This election year we Mainers have some choices to make, and I have made a choice to support Jim Libby as state representative for House District 131 (Buxton/Hollis). Jim has the experience of being a former state representative as well as a state senator and is ready to serve again because he wants Maine to be a growing, thriving state.

With a doctorate in economics, Jim Libby knows that our state has a spending problem and he is committed to changing the out of control taxing and spending culture in Augusta. As an educator at Thomas College, Jim also knows that our kids need a good education and he supports charter schools.

He also knows that good jobs are what will keep our kids in Maine upon graduation and will attract smart, talented people to our state. To that end, Jim is committed to creating a pro-business attitude in Augusta by lowering taxes and energy costs as well as making fair, consistent rules to help create the good jobs Mainers need.

Jim Libby is experienced, fair and ready to “fight the right fight” in Augusta.

Joe Mcgrath

Buxton

Hearing from both sides in York County sheriff race

Let’s re-elect Moe Ouellette as York County sheriff.

During the seven years we have known Sheriff Ouellette, we have been thoroughly impressed by many his accomplishments.

His work with local police chiefs to bring a consolidated and collaborative approach to law enforcement in York County has resulted in teamwork and reduced the cost of law enforcement for our county.

His decision to join forces with Fight Crime: Invest in Kids (a national program to support after-school programs for at-risk youths) has literally saved lives. His coordinated efforts with Caring Unlimited and our county District Attorney Mark Lawrence led to the receipt of a $400,000 GTEA grant to create a collaborative domestic violence initiative in York County.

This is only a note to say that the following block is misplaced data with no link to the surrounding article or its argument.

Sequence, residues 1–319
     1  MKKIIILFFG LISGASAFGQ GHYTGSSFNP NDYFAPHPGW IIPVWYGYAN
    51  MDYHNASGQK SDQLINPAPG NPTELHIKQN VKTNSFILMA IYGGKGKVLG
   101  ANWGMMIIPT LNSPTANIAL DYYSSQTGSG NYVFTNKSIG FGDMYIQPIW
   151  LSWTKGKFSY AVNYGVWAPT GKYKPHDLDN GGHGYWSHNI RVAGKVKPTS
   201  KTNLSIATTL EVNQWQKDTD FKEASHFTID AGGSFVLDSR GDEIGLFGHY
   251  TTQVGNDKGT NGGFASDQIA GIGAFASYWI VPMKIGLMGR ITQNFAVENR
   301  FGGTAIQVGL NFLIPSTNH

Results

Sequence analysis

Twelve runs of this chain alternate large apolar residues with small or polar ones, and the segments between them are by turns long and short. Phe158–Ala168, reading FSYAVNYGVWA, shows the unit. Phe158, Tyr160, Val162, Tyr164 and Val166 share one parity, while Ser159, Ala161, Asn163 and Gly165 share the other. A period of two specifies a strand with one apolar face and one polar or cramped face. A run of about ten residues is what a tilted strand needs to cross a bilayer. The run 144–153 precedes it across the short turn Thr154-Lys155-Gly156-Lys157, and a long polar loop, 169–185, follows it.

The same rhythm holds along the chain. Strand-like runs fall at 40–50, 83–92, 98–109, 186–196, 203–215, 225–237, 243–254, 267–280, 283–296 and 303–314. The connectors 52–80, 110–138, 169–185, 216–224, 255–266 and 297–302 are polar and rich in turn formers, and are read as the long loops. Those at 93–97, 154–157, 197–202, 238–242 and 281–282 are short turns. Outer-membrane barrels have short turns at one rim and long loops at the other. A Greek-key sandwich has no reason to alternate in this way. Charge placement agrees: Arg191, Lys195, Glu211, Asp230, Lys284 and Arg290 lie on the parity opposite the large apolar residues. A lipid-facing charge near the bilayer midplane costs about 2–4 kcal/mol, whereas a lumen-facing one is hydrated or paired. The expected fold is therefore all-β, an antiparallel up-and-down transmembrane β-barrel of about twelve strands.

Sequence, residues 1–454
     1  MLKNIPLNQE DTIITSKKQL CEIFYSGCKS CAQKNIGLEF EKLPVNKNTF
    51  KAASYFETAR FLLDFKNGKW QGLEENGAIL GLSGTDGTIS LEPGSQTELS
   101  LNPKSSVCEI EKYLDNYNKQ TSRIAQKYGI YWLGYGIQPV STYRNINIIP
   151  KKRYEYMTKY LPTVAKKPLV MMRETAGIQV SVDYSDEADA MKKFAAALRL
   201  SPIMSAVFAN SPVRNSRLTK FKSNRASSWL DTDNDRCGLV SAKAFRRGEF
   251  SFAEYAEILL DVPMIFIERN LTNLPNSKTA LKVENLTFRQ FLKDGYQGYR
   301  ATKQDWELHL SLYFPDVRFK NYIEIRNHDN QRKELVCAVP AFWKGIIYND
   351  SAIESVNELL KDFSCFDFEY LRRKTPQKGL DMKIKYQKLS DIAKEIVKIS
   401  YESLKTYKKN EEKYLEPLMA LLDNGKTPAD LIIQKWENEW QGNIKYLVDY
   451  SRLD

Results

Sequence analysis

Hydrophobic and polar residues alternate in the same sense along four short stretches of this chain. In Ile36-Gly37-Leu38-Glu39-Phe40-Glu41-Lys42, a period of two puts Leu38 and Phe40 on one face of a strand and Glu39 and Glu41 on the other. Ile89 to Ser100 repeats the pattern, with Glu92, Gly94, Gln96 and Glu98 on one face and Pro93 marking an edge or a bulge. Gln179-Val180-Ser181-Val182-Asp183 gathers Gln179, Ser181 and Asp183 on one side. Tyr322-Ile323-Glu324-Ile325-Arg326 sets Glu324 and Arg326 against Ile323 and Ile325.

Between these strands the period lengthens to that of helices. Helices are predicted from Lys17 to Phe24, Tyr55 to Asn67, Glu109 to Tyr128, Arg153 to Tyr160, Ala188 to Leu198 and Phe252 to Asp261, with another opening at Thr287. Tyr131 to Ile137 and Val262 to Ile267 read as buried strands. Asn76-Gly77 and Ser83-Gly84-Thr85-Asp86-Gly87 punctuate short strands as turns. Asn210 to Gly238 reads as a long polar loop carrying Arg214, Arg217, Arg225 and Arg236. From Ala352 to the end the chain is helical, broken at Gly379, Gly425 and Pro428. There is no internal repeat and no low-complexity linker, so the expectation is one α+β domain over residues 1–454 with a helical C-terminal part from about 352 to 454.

We recognize and appreciate Moe’s commitment to community policing initiatives, strong enforcement of violent crimes and effective coordination between federal, state and local law enforcement agencies.

For more detailed information, please check out Moe’s website at www.sheriffouellette.com.

Floyd and Bobbi Beavers

South Berwick

As the Democratic candidate for York County sheriff, I want to point out that the current occupant of that post has been “too little, too late” when it comes to efficient operation of the department.

When the current York County sheriff announced that he was running for another term, he stated that my concept of a strong reserve officer program was outdated. Now he is hiring four reserve officers.

What a strange world we live in. On my website as long ago as December (www.paulmainforsheriff.com), I did the math for all to see the real savings with the implementation of the reserve program.

Now he gets it. The sad fact is it’s too little, too late. Our taxes are going up 6 percent. How much more of this can we afford?

Had a reserve program been in place years ago, the savings could have offset or even avoided the layoff situation in the patrol division.

Thinking ahead doesn’t seem to be the mind set of this administration until it’s election time.

Paul Main

Alfred